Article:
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Nonlinear Response of Atmospheric Vortices to Heating by Organized Cumulus Convection

James J. HackNational Center for Atmospheric Research, Boulder, CO 80307

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Wayne H. SchubertDepartment of Atmospheric Science, Colorado State University, Fort Collins, CO 80523

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Abstract

Using an axisymmetric primitive tropical cyclone model, we first illustrate the way in which nonlinear processes contribute to the development of an atmospheric vortex. These numerical experiment show that nonlinearities allow a given diabatic beat source to induce larger tangential wind (and kinetic energy) changes as the vortex develops and the inertial stability becomes large. In an attempt to gain a deeper theoretical understanding of this process, we consider the energy cycle in the balanced vortex equations of Eliassen. The temporal behavior of the total potential energy P is governed by dP/dt=HC where H is the rate of generation of total potential energy by diabatic heating, and C is the rate of conversion to kinetic energy. We define a time-dependent system efficiency parameter as η¯(t)=C/H. Then, using the dynamical simplifications of balanced vortex theory, we express η¯(t) as a weighted average of a dynamic efficiency factor η(r, z, t). The dynamic efficiency factor is a measure of the efficacy of diabatic heating at any point in generating kinetic energy and can be determined by solving a second-order partial differential equation whose coefficients and right-hand side depend only on the instantaneous vortex structure. The diagnostic quantities η¯(t) and η(r, z, t) are utilized in the analysis of several balanced numerical experiments with different vertical and radial distributions of a diabatic heat source.

Abstract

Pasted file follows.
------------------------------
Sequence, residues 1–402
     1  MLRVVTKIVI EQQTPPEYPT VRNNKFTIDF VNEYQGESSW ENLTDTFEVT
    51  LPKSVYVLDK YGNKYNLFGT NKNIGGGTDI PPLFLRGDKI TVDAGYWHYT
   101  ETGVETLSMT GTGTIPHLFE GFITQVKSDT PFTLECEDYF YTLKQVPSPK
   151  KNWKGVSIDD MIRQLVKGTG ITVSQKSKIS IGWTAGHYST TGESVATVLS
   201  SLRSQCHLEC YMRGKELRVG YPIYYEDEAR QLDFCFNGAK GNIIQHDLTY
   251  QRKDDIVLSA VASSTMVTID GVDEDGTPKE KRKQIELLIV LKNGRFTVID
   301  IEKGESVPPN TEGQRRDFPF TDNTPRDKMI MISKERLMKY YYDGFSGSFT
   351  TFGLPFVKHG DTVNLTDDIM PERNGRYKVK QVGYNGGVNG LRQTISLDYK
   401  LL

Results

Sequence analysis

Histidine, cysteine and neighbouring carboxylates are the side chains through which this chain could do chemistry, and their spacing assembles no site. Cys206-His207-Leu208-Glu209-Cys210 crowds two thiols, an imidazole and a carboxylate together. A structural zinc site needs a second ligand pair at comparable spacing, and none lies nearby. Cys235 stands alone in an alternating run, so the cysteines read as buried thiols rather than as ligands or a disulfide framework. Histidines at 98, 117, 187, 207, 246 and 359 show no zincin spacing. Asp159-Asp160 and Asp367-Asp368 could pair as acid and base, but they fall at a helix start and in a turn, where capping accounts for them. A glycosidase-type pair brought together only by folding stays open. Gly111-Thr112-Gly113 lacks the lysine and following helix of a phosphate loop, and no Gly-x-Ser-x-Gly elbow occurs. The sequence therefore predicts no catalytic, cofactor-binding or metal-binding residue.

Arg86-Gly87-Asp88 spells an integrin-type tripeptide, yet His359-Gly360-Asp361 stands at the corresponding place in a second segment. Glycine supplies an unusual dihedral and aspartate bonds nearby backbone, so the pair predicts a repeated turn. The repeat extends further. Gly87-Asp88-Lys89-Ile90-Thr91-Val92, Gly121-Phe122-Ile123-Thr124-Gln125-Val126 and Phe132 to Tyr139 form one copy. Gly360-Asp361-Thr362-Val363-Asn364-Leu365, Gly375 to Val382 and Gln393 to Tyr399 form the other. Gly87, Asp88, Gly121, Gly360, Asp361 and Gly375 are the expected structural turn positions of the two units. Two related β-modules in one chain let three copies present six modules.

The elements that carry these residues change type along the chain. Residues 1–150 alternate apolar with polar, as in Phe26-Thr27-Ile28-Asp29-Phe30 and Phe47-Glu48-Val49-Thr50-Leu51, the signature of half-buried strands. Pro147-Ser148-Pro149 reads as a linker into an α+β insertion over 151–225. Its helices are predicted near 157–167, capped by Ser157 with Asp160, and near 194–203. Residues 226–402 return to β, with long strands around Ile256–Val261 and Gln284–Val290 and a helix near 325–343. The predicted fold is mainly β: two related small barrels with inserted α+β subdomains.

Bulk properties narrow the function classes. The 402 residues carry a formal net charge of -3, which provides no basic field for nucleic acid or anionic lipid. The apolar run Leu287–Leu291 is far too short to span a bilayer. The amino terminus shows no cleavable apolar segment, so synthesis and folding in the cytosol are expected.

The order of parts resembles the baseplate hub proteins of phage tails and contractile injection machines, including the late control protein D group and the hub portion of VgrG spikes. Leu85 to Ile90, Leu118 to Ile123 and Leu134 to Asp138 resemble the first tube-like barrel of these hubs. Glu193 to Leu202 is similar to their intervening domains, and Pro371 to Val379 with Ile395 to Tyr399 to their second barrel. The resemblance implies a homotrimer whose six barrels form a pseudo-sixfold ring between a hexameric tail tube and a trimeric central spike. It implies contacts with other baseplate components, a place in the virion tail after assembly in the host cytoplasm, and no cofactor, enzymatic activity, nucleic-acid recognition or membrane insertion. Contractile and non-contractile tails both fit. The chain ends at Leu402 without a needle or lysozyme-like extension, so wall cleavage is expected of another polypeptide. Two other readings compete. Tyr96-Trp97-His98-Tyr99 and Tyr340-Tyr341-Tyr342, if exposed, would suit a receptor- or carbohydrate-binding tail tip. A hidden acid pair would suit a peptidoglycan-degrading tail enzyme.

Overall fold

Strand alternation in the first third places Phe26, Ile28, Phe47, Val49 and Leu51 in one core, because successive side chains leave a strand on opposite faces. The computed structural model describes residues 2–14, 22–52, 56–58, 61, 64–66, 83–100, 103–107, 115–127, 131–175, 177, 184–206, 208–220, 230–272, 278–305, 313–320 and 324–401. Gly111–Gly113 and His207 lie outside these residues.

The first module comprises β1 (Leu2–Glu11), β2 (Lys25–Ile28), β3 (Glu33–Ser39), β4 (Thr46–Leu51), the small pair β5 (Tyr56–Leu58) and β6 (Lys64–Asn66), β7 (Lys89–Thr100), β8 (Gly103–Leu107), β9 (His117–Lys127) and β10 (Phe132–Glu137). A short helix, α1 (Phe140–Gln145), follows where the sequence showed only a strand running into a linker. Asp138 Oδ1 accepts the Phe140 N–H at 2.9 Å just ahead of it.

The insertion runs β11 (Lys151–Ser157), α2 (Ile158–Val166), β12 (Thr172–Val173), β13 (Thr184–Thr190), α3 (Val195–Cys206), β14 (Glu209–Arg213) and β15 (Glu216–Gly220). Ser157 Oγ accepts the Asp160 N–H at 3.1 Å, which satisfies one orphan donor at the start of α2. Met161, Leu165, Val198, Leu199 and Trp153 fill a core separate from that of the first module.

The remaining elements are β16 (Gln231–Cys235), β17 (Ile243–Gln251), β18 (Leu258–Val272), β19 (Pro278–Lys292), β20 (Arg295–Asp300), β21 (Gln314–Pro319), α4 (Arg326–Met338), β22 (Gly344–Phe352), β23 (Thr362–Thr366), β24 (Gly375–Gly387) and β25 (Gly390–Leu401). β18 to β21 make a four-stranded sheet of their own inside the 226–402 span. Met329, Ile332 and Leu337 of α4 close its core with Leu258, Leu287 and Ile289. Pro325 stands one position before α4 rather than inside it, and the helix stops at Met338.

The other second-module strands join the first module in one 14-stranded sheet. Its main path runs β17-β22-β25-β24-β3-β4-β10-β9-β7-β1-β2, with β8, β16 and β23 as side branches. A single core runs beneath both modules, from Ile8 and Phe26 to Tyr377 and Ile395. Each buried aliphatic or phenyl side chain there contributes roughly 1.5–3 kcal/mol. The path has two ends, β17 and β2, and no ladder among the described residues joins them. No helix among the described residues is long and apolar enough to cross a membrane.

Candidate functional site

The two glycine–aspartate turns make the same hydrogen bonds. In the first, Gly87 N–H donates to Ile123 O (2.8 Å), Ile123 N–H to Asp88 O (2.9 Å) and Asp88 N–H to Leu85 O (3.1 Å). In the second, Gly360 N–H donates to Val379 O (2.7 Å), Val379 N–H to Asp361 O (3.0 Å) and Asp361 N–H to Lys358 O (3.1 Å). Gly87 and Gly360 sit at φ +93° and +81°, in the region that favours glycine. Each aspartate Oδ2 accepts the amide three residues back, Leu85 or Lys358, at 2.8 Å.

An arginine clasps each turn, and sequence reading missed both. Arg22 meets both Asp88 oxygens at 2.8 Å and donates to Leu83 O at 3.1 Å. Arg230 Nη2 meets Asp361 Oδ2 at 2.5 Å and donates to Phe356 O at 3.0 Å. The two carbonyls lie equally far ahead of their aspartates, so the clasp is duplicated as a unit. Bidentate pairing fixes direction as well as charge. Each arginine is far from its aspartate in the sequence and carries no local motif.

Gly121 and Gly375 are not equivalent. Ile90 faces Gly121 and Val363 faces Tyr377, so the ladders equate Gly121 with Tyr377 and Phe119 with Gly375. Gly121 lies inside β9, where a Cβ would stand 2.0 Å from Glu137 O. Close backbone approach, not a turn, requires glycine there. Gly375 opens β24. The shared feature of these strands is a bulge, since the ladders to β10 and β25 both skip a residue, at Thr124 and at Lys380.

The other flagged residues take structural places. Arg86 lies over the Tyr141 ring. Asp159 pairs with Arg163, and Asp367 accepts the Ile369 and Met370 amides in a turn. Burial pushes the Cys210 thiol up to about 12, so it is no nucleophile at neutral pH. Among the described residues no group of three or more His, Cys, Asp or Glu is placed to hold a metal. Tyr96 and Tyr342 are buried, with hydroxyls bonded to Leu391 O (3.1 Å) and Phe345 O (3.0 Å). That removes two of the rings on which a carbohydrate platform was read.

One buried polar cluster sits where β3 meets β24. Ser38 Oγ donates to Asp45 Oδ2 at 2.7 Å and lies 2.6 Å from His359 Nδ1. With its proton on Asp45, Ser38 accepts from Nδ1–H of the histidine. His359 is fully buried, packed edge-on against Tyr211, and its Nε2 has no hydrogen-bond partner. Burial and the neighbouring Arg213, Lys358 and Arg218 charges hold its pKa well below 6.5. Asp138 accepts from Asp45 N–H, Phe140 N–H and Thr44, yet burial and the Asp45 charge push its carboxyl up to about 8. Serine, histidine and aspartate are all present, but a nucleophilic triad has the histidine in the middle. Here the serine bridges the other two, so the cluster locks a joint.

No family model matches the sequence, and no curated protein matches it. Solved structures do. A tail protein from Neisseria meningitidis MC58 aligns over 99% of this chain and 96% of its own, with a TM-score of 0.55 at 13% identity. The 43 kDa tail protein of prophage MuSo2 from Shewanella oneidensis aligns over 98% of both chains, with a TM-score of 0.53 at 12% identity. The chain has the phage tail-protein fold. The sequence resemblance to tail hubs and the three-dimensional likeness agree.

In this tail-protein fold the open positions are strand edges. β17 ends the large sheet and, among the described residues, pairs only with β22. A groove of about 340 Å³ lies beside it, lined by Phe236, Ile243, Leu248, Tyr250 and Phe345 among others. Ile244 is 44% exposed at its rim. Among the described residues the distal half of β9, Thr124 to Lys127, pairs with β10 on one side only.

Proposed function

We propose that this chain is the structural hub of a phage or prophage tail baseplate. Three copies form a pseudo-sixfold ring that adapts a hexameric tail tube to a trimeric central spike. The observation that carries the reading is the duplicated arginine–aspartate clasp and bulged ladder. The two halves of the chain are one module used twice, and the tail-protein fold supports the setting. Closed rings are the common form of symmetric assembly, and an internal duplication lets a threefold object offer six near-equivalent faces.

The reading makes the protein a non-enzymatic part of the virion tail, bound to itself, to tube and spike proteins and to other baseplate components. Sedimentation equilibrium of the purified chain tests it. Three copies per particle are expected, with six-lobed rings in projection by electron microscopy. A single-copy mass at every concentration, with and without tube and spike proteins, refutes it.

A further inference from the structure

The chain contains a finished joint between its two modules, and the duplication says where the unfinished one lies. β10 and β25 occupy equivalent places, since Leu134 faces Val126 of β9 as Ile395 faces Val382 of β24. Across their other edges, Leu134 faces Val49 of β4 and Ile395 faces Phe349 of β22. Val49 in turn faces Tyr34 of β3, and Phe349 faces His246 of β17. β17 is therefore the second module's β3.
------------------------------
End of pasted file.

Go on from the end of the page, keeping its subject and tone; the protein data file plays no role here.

Using an axisymmetric primitive tropical cyclone model, we first illustrate the way in which nonlinear processes contribute to the development of an atmospheric vortex. These numerical experiment show that nonlinearities allow a given diabatic beat source to induce larger tangential wind (and kinetic energy) changes as the vortex develops and the inertial stability becomes large. In an attempt to gain a deeper theoretical understanding of this process, we consider the energy cycle in the balanced vortex equations of Eliassen. The temporal behavior of the total potential energy P is governed by dP/dt=HC where H is the rate of generation of total potential energy by diabatic heating, and C is the rate of conversion to kinetic energy. We define a time-dependent system efficiency parameter as η¯(t)=C/H. Then, using the dynamical simplifications of balanced vortex theory, we express η¯(t) as a weighted average of a dynamic efficiency factor η(r, z, t). The dynamic efficiency factor is a measure of the efficacy of diabatic heating at any point in generating kinetic energy and can be determined by solving a second-order partial differential equation whose coefficients and right-hand side depend only on the instantaneous vortex structure. The diagnostic quantities η¯(t) and η(r, z, t) are utilized in the analysis of several balanced numerical experiments with different vertical and radial distributions of a diabatic heat source.

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